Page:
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Branching Out: Dear mountains

Locations: Columns Published

I see an orange flash amid the mowed green clover and brome, roadside. Fox. Dead. Fur, still like down fluff. Its form is lithe, not yet bloated. Heading to a favorite fishing hole late in the day, I can’t stop. Can’t do both. I’ll come back tomorrow.

Early morning, now. I check my mirrors — clear —  and brake sharply. In the coolness of the morning, her decomposition and musk are pungent. Dead as she is, rushed as I am, I am still overcome. She is breathtaking. I place her on the roof of my car, arranging the final rictus of her face tenderly upon the alloy pillow of my roof rack.

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I’m planting garlic with volunteers now, pitching in for a farmer who works her ass off to grow crazy healthy food for locals. Hands in the soil; mind on the fox. On cars. Forests. People.

On animals. The wild ones, of a world so different from ours. A world of listening, a daily rhythm centered on food. Family. Health. Life. What else would they possibly want? 280 more characters of Twitter? 

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Molecules of her decay float to me, over downy tips of thistle. They rustle through dry, feral oats, the pearlescent husks of spent milkweed. The scent of her fumes scrape and fight their way through sun-baked kochia and tumbleweeds. Weeds to us. Protein and carbohydrates to voles, grasshoppers, ants. Food to the migration of fallen birds strewn across the map of September’s cold snap. 

This fox is food now, too.

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Indian summer and rising heat. I feel it in the rivulets sliding down the ravine of my spine; I “see” with my nostrils: the black tissue of her groin, writhing in a multitude of maggots. I’ll have to act fast. Pack, collect my daughter with friends, and get to the forest clearing, where we’ll camp for the night. 

Cliches and catch phrases have become meaningless to us: we love you to death and keep coming, anyway. My domestic mountain bike comes before mountains. Before wildness, before creatures, before declining water levels and rising stream temperatures. 

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And now we have eBikes. We can go everywhere: declining herd numbers? “They don’t make any noise.”

I’ve seen a fox in the mountains twice in my life. A badger once. Recreation fragmentation: “But I love my dog.” “Mine doesn’t chase animals.” “I don’t like leashes.” “It’s just poop; it’ll compost.”

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I question everything I do now: Why is my camping trip more important than keeping carbon out of the air?  What do I say to myself to justify filling my tank and burning it all the way up McClure? What of the trail shoes I pack? Or the three different puffy coats — second hand, to be sure; but really — three? “I don’t want to be cold. But I don’t want to be sweaty, either…”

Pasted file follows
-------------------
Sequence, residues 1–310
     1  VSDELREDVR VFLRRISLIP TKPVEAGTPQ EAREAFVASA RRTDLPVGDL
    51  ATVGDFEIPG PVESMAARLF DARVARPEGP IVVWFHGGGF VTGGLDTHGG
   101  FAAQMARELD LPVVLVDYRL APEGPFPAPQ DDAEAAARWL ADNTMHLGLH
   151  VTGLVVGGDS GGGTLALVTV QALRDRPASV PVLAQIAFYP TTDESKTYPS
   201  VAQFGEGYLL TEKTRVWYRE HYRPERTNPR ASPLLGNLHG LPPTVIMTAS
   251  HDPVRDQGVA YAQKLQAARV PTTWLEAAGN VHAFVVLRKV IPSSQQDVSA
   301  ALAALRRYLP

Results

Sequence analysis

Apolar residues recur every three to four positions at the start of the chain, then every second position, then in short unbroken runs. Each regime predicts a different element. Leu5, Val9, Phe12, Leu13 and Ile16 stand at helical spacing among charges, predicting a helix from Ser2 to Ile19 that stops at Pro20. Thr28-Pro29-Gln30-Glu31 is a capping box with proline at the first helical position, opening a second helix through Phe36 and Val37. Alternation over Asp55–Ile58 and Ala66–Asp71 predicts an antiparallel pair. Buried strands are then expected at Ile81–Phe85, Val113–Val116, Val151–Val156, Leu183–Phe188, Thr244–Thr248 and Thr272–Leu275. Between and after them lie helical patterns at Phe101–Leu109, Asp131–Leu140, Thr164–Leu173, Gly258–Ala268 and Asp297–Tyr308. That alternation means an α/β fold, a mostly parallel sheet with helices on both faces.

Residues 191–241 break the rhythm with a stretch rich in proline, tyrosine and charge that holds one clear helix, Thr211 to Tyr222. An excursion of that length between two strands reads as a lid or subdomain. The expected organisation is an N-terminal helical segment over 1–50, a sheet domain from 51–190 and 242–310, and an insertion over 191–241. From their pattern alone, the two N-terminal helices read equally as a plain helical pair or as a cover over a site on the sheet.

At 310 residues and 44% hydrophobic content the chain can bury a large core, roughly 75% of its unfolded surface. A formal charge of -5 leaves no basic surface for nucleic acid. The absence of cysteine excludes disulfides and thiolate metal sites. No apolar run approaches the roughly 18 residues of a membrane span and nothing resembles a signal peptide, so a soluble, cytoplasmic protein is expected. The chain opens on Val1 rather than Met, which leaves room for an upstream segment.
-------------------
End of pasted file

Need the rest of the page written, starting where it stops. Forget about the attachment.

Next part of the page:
We pick my daughter up from school in my friend’s king-cab, extended-bed, lifted diesel truck and new, walk-in camper. It’s quite a sight, but I don’t want to embarrass her, the weird mom with the stinky dead fox on her roof. Our pollution and impact must be worth it, I tell myself, because she’ll sleep under the stars. See the amber aspens, collect leaves from green to blush to gold.

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Arrival. I unwrap this fox’s body and her stench hits me, even through my respirator mask — all the more reason to honor her. Allow her dignity. Make her life meaningful in death. Prove to myself that the wild things aren’t simply disappearing by sharing these moments with her.

I lay her upon the richly-hued confetti of the forest floor. Urine, musk and rot curls in my nose; brings life to her velvety black ears. I note for the first time ever, how orange flows along her back and limbs, the hints of espresso and gold dusting her flanks. Ebony foot pads, so tiny, soft, unmarred by seasons of scampering. 

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The stereotype of “fox,” the idea, the “thought” of fox, is not present. Taking in the gray of her ankles, her bushy tail, weightless upon my fingertips, I feel her. Slicing her open, seeing what she’s made of, I know her intimately, more than I’ve ever known “fox.” And in her stillness, in her parts, she is ineffably alive and real to me. I cannot un-know this moment.

I drive slower near dusk, and through the night, by lifelong habit, scanning the roadsides for Life. Rural dwellers know this. Or those that have plowed an animal. No hurry of mine will steal life. I like biking more, anyway. A decade old, my bike looks like hell. No worries about theft. I can fix anything on it. You can’t pay me to buy a newer one, a nicer one, a smoother one, because now? The fox comes first.  I— we — can no longer do both.

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